By Mark Eglington
Grandma’s pantry was a magical place that always smelled so good with fresh baked cookies and an apple pie or two cooling on the racks. There was always a basket overflowing with the green grocer’s latest produce delivery and her neatly labeled homemade jams and chutney preserves lined up on wooden shelves. She even had an extra sink, an old ice box and a chopping board on the far wall.
Back in the day
The history of the pantry is a tell-tale sign of what was going on at the time socially, economically and architecturally. The word “pantry”, I’m told, comes from an Old French word “paneterie” meaning from bread. Research shows that in medieval times food and supplies were kept separately, away from the kitchen and in dedicated rooms: meats were stored in a larder, bread in the pantry and alcohol in an area called the buttery. In grander homes there was often a secure butler’s pantry where silver, serving pieces and special kitchen items were guarded under lock and key.
As homes got smaller, closets, cabinets and pantries were eliminated. Then along came the “Hoosier Cabinet” an all-in-one pantry and kitchen with deep, six-foot high cabinets and built-in containers for everyday items like flour, sugar, coffee, tea and household spices. A similar product, the “Mizuya Tansu” was used in Japan.
A home chef’s paradise
Today, with larger homes and a resurging interest in food prep at home, large walk-in kitchen pantries with tons of storage space are back in vogue. But this time, they’re often getting upgraded with the flair and the practicality of a prep kitchen. As expected, there are cupboards, open shelving, wire bins and dedicated storage for one-stop spot specialty items like baking supplies alongside airtight, easy-to-find, containers of dry goods that add to household functionality. Grab-and-go snacks in wicker baskets, uniformly stacked cookbooks and drawers for treasured serving pieces.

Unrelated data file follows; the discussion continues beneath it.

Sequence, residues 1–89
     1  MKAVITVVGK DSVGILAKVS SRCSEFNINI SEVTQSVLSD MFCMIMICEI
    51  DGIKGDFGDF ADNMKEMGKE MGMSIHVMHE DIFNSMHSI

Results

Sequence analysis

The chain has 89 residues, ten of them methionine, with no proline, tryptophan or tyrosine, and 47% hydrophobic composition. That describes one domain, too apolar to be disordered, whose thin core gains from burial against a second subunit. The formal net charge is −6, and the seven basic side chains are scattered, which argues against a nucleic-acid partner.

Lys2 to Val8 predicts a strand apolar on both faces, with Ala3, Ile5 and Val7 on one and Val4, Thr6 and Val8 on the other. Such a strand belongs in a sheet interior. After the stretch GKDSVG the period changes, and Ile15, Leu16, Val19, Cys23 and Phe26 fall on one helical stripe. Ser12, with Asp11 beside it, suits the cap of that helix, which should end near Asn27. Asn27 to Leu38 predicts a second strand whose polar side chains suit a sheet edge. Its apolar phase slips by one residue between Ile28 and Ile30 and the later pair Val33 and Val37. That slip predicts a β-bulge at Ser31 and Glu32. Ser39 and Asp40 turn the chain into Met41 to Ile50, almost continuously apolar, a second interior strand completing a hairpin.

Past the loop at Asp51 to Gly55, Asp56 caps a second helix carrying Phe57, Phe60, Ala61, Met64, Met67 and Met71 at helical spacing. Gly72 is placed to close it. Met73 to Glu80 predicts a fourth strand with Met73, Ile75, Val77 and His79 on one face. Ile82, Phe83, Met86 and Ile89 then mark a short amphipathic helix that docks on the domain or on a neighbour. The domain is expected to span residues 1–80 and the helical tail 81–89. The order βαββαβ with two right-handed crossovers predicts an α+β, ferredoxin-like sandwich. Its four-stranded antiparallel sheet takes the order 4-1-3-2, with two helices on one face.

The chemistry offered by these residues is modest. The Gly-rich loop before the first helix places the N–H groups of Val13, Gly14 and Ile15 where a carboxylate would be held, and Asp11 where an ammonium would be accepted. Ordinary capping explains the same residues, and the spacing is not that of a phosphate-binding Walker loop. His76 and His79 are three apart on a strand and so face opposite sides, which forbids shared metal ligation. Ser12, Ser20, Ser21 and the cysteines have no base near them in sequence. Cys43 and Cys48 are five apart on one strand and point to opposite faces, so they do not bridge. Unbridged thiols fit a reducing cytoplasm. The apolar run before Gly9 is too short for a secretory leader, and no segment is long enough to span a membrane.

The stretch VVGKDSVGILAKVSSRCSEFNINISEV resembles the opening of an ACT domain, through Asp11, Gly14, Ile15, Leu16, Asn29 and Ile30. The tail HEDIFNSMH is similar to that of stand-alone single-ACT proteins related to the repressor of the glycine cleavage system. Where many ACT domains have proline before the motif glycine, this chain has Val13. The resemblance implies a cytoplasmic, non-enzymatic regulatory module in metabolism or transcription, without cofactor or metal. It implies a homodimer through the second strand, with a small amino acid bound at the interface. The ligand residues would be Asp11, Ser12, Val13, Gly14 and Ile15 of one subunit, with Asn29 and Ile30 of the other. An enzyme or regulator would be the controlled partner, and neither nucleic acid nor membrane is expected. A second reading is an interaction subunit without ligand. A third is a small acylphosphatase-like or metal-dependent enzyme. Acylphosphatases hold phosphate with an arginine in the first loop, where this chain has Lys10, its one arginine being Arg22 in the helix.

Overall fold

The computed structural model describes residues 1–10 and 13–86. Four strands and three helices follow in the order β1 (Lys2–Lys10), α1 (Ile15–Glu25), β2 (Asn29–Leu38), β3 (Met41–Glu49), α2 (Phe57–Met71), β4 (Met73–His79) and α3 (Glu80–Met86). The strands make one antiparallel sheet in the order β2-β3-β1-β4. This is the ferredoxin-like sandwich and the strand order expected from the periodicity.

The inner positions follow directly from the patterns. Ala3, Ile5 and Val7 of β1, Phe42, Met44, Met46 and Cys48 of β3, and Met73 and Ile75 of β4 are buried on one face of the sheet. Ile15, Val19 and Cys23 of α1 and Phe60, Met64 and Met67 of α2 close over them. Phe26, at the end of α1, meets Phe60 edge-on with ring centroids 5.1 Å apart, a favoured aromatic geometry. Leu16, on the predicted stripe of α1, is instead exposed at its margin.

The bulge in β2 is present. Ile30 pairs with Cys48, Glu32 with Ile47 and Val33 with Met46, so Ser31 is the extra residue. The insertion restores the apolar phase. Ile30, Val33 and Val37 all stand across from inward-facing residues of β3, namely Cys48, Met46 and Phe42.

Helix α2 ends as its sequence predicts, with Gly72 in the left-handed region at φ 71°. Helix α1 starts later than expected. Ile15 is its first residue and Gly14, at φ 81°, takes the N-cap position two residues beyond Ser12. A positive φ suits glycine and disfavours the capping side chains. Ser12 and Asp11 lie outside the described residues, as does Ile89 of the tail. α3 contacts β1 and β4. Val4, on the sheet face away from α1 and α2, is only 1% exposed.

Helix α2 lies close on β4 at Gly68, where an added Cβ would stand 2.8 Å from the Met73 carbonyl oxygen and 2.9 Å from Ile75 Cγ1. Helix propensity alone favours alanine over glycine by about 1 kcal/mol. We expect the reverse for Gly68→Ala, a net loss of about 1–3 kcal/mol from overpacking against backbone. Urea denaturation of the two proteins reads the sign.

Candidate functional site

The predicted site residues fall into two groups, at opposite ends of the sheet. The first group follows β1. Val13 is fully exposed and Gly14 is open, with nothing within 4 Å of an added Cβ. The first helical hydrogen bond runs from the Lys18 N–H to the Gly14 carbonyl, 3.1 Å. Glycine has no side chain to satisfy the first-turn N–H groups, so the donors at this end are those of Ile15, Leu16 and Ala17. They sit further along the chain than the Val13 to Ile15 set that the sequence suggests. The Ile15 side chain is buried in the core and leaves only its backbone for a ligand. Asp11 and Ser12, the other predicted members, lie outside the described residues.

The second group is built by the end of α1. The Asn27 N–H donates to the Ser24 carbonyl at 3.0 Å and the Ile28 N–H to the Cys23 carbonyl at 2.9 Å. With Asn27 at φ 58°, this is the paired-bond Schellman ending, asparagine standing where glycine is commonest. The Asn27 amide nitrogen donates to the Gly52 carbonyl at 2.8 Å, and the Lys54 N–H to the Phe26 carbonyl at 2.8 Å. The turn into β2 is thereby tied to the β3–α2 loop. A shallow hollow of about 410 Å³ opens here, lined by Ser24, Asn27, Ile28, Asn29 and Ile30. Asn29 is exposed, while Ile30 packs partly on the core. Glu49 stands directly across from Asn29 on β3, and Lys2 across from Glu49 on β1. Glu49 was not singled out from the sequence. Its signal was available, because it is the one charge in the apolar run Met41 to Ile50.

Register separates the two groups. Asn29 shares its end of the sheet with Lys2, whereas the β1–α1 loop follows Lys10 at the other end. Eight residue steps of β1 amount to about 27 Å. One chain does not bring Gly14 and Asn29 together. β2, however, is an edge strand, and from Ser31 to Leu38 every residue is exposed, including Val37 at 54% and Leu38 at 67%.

Cold storage and more
Modern well-designed pantries can house sinks and extra counters for small appliances and butcher style chopping blocks alongside second dishwashers and cooktops. Double wine coolers and bar fridges are also popular items to up the household’s entertainment ante.
Cooling options to consider include stand-alone or integrated top-of-the-line European refrigeration units with specialty storage compartments and features like bio-fresh, which focuses on preserving veggies. Look for dedicated undercounter units for standard refrigeration, freezers and wine, that when installed side by side, allow for a nice worktable and hide the products.
Only the best
After all, a home chef who wants to keep his or her family well fed and guests entertained stylishly needs the right tools and storage conditions to showcase his or her talents and keep fresh, local ingredients as fresh and healthy as possible. Grandma would be proud!
For over 15 years, Mark Eglington has been passionate about European-manufactured best-in-class appliances. By day, he is the President of Canadian-owned Euro-Line Appliances; by night he can be found perfecting his cooking skills.